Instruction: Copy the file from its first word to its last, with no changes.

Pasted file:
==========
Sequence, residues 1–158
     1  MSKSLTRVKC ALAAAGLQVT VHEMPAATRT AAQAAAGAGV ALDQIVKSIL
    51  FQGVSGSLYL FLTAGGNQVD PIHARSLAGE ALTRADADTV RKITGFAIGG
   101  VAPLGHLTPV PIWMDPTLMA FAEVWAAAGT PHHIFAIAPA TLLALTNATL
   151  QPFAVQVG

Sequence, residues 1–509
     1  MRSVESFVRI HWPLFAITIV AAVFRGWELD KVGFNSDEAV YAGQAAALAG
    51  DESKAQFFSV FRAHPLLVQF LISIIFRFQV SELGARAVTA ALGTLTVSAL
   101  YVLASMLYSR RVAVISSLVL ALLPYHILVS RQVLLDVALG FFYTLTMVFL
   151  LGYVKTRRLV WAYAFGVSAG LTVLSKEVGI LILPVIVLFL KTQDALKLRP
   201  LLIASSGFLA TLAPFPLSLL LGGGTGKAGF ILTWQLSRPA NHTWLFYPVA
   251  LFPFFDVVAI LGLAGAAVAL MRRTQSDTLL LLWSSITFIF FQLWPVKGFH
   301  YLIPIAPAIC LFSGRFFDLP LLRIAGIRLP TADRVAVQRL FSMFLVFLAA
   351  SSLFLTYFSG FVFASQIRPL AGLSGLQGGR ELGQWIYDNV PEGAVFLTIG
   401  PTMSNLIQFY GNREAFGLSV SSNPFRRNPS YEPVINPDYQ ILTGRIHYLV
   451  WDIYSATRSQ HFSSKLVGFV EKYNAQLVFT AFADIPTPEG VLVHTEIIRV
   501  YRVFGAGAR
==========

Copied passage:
Sequence, residues 1–158
     1  MSKSLTRVKC ALAAAGLQVT VHEMPAATRT AAQAAAGAGV ALDQIVKSIL
    51  FQGVSGSLYL FLTAGGNQVD PIHARSLAGE ALTRADADTV RKITGFAIGG
   101  VAPLGHLTPV PIWMDPTLMA FAEVWAAAGT PHHIFAIAPA TLLALTNATL
   151  QPFAVQVG

Sequence, residues 1–509
     1  MRSVESFVRI HWPLFAITIV AAVFRGWELD KVGFNSDEAV YAGQAAALAG
    51  DESKAQFFSV FRAHPLLVQF LISIIFRFQV SELGARAVTA ALGTLTVSAL
   101  YVLASMLYSR RVAVISSLVL ALLPYHILVS RQVLLDVALG FFYTLTMVFL
   151  LGYVKTRRLV WAYAFGVSAG LTVLSKEVGI LILPVIVLFL KTQDALKLRP
   201  LLIASSGFLA TLAPFPLSLL LGGGTGKAGF ILTWQLSRPA NHTWLFYPVA
   251  LFPFFDVVAI LGLAGAAVAL MRRTQSDTLL LLWSSITFIF FQLWPVKGFH
   301  YLIPIAPAIC LFSGRFFDLP LLRIAGIRLP TADRVAVQRL FSMFLVFLAA
   351  SSLFLTYFSG FVFASQIRPL AGLSGLQGGR ELGQWIYDNV PEGAVFLTIG
   401  PTMSNLIQFY GNREAFGLSV SSNPFRRNPS YEPVINPDYQ ILTGRIHYLV
   451  WDIYSATRSQ HFSSKLVGFV EKYNAQLVFT AFADIPTPEG VLVHTEIIRV
   501  YRVFGAGAR